November 15, 2012
STATE OF NEW JERSEY, PLAINTIFF-RESPONDENT,
JOHN SHAW, DEFENDANT-APPELLANT.
On appeal from the Superior Court of New Jersey, Law Division, Passaic County, Indictment No. 08-01-0008.
NOT FOR PUBLICATION WITHOUT THE APPROVAL OF THE APPELLATE DIVISION
Submitted August 13, 2012
Before Judges Sapp-Peterson and St. John.
Defendant appeals from the trial court order denying his petition for post-conviction relief (PCR) filed in connection with his guilty plea to second-degree possession of a controlled dangerous substance with the intent to distribute, N.J.S.A. 2C:35-5a(1), and third-degree possession of a controlled dangerous substance with the intent to distribute within 1000 of a school zone, N.J.S.A. 2C:35-7, for which he was sentenced to two concurrent five-year custodial sentences, with a two-year period of parole ineligibility. Defendant claims the trial court erred in denying his PCR petition without first affording an evidentiary hearing to determine whether his trial counsel was ineffective. We find no error in the denial of defendant's petition and in the court's decision to do so without first conducting an evidentiary hearing. We therefore affirm.
Defendant did not file a direct appeal of his conviction and sentence. Rather, he filed his PCR petition in which he claimed his trial counsel was ineffective because counsel failed to argue that defendant was subject to the recent amendment to Title 2C, which permits a sentencing court to "waive or reduce the minimum term of parole ineligibility" after the court considers
(a) the extent of the defendant's prior criminal record and the seriousness of the offenses for which the defendant has been convicted;
(b) the specific location of the present offense in relation to the school property, including distance from the school and the reasonable likelihood of exposing children to drug-related activities at that location;
(c) whether school was in session at the time of the offense; and
(d) whether children were present at or in the immediate vicinity of the location when the offense took place.
The amendment became effective January 12, 2010, and defendant entered his guilty pleas on February 8, 2010. He was sentenced on April 28, 2010. As such, defendant was subject to sentencing under the amended statute.
At sentencing, it is undisputed that trial counsel did not argue that the court should consider waiving or reducing the minimum period of parole ineligibility. Rather, defense counsel requested that the court sentence defendant in accordance with the plea agreement that called for defendant to be sentenced to concurrent five-year custodial terms, with concurrent two-year periods of parole ineligibility. In exchange for his guilty pleas, the remaining five counts of the seven-count indictment would be dismissed.
Although the PCR court did not conduct an evidentiary hearing, it did conduct oral argument. At its conclusion, in an oral opinion, Judge Joseph A. Portelli denied the petition. The judge found that trial counsel was not ineffective, even considering his failure to seek a waiver or reduction of the minimum period of parole ineligibility, and that defendant's prior record militated against sentencing defendant under the amended statute. We agree.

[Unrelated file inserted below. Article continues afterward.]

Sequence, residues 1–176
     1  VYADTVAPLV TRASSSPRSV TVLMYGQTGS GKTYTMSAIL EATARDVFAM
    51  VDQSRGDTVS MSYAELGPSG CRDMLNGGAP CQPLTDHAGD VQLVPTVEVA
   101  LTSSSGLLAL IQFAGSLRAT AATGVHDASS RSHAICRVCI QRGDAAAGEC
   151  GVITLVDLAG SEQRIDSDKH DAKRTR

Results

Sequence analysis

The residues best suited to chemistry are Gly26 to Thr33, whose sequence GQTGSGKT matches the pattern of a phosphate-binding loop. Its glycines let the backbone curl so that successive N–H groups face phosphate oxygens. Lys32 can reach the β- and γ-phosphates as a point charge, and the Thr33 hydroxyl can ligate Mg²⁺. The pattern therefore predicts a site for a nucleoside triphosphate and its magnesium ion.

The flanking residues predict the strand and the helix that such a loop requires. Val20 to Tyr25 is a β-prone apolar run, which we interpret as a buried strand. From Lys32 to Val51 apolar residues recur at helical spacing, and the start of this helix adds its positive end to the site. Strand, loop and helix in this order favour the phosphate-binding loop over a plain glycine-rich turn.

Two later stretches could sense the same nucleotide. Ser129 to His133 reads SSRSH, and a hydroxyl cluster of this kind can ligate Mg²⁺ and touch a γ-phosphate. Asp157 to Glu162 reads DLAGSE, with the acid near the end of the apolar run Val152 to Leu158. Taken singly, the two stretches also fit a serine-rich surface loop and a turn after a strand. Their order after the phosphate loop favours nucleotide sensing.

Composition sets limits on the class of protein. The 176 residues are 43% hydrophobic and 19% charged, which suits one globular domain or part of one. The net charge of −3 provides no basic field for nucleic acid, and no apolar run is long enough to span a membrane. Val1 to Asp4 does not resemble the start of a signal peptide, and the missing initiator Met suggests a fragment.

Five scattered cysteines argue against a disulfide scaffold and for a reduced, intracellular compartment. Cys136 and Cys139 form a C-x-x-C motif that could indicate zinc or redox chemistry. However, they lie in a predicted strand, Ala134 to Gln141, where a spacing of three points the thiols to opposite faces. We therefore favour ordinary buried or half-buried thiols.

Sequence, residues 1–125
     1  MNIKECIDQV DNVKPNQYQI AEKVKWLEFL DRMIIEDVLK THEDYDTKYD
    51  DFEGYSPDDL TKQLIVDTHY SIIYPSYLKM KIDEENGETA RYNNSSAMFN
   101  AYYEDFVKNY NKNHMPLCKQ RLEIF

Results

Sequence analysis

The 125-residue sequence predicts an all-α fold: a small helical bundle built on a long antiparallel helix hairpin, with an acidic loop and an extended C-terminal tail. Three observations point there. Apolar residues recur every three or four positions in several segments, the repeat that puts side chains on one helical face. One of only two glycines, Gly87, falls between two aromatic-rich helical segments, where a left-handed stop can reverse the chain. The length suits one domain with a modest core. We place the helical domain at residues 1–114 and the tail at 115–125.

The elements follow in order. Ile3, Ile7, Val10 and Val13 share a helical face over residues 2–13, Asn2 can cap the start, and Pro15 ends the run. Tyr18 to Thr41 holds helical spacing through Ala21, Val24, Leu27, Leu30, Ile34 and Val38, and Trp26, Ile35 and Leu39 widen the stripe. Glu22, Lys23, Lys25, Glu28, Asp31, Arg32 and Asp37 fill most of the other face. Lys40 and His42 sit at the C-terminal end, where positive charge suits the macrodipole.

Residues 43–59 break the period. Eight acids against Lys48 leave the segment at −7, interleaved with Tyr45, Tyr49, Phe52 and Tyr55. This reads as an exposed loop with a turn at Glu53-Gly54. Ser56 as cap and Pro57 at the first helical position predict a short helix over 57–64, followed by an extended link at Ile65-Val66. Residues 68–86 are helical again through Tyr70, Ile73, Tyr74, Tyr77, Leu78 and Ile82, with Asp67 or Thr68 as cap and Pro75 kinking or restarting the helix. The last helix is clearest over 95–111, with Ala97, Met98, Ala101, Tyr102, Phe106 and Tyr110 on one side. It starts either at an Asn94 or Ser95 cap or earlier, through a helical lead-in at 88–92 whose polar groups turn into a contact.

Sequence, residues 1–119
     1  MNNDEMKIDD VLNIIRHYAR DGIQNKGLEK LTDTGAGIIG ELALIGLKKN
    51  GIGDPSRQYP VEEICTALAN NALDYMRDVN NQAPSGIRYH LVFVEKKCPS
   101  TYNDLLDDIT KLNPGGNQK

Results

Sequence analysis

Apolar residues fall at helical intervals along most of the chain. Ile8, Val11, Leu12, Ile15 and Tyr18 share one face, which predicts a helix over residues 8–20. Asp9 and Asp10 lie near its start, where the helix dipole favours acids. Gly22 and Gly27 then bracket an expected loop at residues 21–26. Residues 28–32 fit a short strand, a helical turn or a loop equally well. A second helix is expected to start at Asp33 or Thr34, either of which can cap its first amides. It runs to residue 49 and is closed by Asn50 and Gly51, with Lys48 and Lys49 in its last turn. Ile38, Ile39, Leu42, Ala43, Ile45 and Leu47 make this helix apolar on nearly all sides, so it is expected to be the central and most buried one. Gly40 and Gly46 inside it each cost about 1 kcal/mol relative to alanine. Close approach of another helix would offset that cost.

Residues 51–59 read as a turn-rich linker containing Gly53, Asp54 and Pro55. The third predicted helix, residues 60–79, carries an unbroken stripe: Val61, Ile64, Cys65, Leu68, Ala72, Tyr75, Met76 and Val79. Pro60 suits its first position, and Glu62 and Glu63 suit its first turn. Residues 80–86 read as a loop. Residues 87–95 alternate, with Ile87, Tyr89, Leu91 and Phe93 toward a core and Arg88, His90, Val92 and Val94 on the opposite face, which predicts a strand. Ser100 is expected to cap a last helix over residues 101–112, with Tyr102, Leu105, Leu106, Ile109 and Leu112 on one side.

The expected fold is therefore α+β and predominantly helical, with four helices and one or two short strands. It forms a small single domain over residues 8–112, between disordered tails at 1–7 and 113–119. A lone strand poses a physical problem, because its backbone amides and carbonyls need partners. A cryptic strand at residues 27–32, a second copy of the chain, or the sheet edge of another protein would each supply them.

A defendant claiming ineffective assistance of counsel warranting PCR must satisfy the two-part test enunciated in Strickland v. Washington, 466 U.S. 668, 686, 104 S. Ct. 2052, 2063, 80 L. Ed. 2d 674, 692 (1984), demonstrating that: (1) counsel's performance was deficient, and (2) the deficient performance actually prejudiced the accused's defense. Id. at 687, 104 S. Ct. at 2064, 80 L. Ed. 2d at 693; see also State v. Fritz, 105 N.J. 42, 58 (1987) (adopting the Strickland two-part test in New Jersey). In reviewing such claims, courts apply a strong presumption that defense counsel "rendered adequate assistance and made all significant decisions in the exercise of reasonable professional judgment." Strickland, supra, 466 U.S. at 690, 104 S. Ct. at 2066, 80 L. Ed. 2d at 695. "[C]complaints 'merely of matters of trial strategy' will not serve to ground a constitutional claim of inadequacy[.]" Fritz, supra, 105 N.J. at 54 (quoting State v. Williams, 39 N.J. 471, 489 (1963), cert. denied, 382 U.S. 964, 86 S. Ct. 449, 15 L. Ed. 2d 366 (1965)); see also State v. Perry, 124 N.J. 128, 153 (1991).
The offenses for which defendant pled guilty involved defendant's possession of in excess of one-half ounce of cocaine found in defendant's home, located within 1000 feet of school property. The factual basis defendant provided the court at his plea hearing demonstrated he intended to distribute the cocaine. In addition, as the sentencing court observed, the present convictions represented defendant's third drug-related conviction. On October 22, 2000, defendant was convicted of distribution of a controlled dangerous substance and distribution of a controlled dangerous substance within 1000 feet of a school zone. On December 19, 2003, defendant was found guilty of distribution of a controlled dangerous substance within 1000 feet of a school zone. Finally, on September 6, 2006, defendant was found guilty of failure to turn over a controlled dangerous substance to police.
We are convinced it was unlikely the sentencing court would have waived or reduced the minimum period of parole ineligibility for defendant's third drug offense and third offense occurring within 1000 feet of school property. In imposing the five-year custodial sentence on the second-degree offense, the court sentenced defendant at the lowest end of second-degree offense and, given his prior record, the imposition of the two-year period of parole ineligibility was appropriate.
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